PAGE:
Rangeland, along roadsides, edges of fields, burned areas, and other disturbed or mismanaged sites
Native to Europe, western Asia, and northern Africa; widespread across the United States
No listed status
This species is
to the Truckee Meadows.
Bull thistle grows as a rosette (ground‐hugging form) in the first year, and then sends up stems and flowers in the second year, growing to 6 feet tall. Flowers are pink to purple, vase‐shaped and in branched clusters at the ends of the stems. Bracts (modified leaves located under the flower petals) are spiny. Blooms from summer to fall. Leaves are lobed, hairy and rough on the upper side; soft on the underside, with a raised center vein. Lobe tips have long, stiff spines.The leaves in the ground hugging, first year rosette are fuzzy with visible bumps. Stems are spiny and winged.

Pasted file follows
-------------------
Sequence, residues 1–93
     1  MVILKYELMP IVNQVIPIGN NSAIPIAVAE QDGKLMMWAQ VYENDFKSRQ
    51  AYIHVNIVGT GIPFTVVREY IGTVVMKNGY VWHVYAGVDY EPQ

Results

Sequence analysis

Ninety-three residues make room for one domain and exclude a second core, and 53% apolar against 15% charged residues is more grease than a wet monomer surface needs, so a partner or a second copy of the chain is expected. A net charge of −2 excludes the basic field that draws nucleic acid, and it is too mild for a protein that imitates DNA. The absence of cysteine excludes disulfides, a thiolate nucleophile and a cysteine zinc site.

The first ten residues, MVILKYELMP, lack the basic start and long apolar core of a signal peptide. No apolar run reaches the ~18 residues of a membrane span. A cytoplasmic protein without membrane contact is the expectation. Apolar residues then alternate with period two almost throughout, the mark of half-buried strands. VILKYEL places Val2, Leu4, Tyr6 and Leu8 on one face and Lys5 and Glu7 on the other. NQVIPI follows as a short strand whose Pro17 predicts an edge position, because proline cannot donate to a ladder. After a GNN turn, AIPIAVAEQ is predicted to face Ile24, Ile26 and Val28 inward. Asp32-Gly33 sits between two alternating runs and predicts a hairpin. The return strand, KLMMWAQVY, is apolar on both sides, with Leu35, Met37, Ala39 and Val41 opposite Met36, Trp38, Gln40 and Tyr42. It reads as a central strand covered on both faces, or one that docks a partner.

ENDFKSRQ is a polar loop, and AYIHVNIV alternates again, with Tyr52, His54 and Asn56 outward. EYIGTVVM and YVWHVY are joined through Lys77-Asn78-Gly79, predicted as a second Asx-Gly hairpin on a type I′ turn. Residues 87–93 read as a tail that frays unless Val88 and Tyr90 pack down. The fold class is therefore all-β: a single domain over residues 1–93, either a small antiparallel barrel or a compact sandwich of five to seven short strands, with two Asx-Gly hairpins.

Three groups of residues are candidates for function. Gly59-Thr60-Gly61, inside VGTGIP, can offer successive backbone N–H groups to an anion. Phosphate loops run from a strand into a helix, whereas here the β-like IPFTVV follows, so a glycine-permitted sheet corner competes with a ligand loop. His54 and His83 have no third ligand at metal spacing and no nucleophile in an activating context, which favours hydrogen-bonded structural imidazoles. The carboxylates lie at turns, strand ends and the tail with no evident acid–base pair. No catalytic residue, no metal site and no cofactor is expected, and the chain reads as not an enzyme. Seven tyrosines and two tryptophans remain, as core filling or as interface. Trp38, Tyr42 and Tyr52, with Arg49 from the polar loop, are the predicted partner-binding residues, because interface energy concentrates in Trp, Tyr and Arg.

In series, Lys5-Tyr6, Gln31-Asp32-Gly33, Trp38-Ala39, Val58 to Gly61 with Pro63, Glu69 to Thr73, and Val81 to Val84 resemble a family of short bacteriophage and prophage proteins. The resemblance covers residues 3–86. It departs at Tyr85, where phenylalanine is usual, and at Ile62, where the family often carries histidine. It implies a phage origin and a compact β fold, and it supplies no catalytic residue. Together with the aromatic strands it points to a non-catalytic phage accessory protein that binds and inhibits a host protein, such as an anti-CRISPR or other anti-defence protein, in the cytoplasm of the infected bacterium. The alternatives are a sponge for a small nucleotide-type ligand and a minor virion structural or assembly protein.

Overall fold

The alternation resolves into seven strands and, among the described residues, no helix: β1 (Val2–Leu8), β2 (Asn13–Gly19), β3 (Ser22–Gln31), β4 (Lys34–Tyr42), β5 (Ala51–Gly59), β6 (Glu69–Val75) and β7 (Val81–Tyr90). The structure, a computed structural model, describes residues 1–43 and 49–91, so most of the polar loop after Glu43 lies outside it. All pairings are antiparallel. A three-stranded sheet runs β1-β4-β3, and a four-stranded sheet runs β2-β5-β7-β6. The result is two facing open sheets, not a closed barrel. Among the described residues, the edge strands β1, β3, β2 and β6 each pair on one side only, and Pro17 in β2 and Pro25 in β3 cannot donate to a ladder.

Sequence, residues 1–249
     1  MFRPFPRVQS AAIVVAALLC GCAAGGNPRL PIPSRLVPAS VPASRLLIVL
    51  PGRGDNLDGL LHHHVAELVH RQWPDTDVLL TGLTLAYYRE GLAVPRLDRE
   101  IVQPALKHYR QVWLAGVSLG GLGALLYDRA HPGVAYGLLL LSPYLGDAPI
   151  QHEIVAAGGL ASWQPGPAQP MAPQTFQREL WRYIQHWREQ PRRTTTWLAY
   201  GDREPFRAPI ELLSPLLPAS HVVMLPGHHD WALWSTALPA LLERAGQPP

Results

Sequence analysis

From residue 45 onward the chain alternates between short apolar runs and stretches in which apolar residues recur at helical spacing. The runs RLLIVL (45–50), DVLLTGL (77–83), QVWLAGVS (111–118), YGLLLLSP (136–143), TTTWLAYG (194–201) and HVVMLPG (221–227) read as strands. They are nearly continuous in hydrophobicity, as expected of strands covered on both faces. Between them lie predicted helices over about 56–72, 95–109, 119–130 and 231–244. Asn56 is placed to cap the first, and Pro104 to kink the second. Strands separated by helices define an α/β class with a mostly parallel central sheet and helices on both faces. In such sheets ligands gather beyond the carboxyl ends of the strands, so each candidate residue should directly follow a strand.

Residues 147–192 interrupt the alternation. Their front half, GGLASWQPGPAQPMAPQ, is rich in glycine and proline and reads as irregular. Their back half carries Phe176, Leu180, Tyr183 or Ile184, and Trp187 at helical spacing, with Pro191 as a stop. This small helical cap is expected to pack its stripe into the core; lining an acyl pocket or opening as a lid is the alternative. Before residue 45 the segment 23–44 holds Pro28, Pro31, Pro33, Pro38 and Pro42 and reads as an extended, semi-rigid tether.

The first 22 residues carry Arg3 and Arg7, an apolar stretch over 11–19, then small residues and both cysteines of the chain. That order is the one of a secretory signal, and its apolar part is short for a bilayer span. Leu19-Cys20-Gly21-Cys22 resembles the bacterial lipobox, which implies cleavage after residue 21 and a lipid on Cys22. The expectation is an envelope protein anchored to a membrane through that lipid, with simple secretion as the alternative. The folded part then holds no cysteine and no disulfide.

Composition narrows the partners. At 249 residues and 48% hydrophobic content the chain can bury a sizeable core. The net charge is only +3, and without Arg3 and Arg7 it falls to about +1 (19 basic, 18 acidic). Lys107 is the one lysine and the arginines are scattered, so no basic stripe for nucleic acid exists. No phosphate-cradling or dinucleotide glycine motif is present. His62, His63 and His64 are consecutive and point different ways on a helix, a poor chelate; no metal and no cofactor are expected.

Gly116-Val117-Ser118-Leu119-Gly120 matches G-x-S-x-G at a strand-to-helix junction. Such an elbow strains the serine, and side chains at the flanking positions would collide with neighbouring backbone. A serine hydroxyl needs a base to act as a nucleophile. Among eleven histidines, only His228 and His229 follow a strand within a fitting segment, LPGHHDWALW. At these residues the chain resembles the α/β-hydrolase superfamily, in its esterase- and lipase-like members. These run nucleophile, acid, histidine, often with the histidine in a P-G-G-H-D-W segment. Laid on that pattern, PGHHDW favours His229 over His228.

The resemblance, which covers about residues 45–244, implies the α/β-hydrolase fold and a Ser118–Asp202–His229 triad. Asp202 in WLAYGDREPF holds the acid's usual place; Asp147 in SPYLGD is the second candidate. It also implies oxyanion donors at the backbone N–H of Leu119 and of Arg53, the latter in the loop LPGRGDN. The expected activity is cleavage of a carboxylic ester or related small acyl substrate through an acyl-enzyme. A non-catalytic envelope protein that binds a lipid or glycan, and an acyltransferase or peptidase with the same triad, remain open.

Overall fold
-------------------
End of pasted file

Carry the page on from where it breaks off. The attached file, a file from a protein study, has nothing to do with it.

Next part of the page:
Bull thistle is highly competitive and aggressive, forming dense colonies that choke out native vegetation important to wildlife and pollinators. Seeds germinate rapidly and are spread by wind. An individual plant can produce up to 100,000 seeds.
Thistles often look similar, and there are several native thistles in the Truckee Meadows area that can be confused with invasive, non-native thistles. This document can help you “know your thistles”
Bull thistle is native to Europe, western Asia, and northern Africa. It is thought to have been introduced to the eastern United States during colonial times and the western United States in the late 1800s. It is currently found in all 50 states.
Emma Wynn (research & content)
Alex Shahbazi (edits & page design)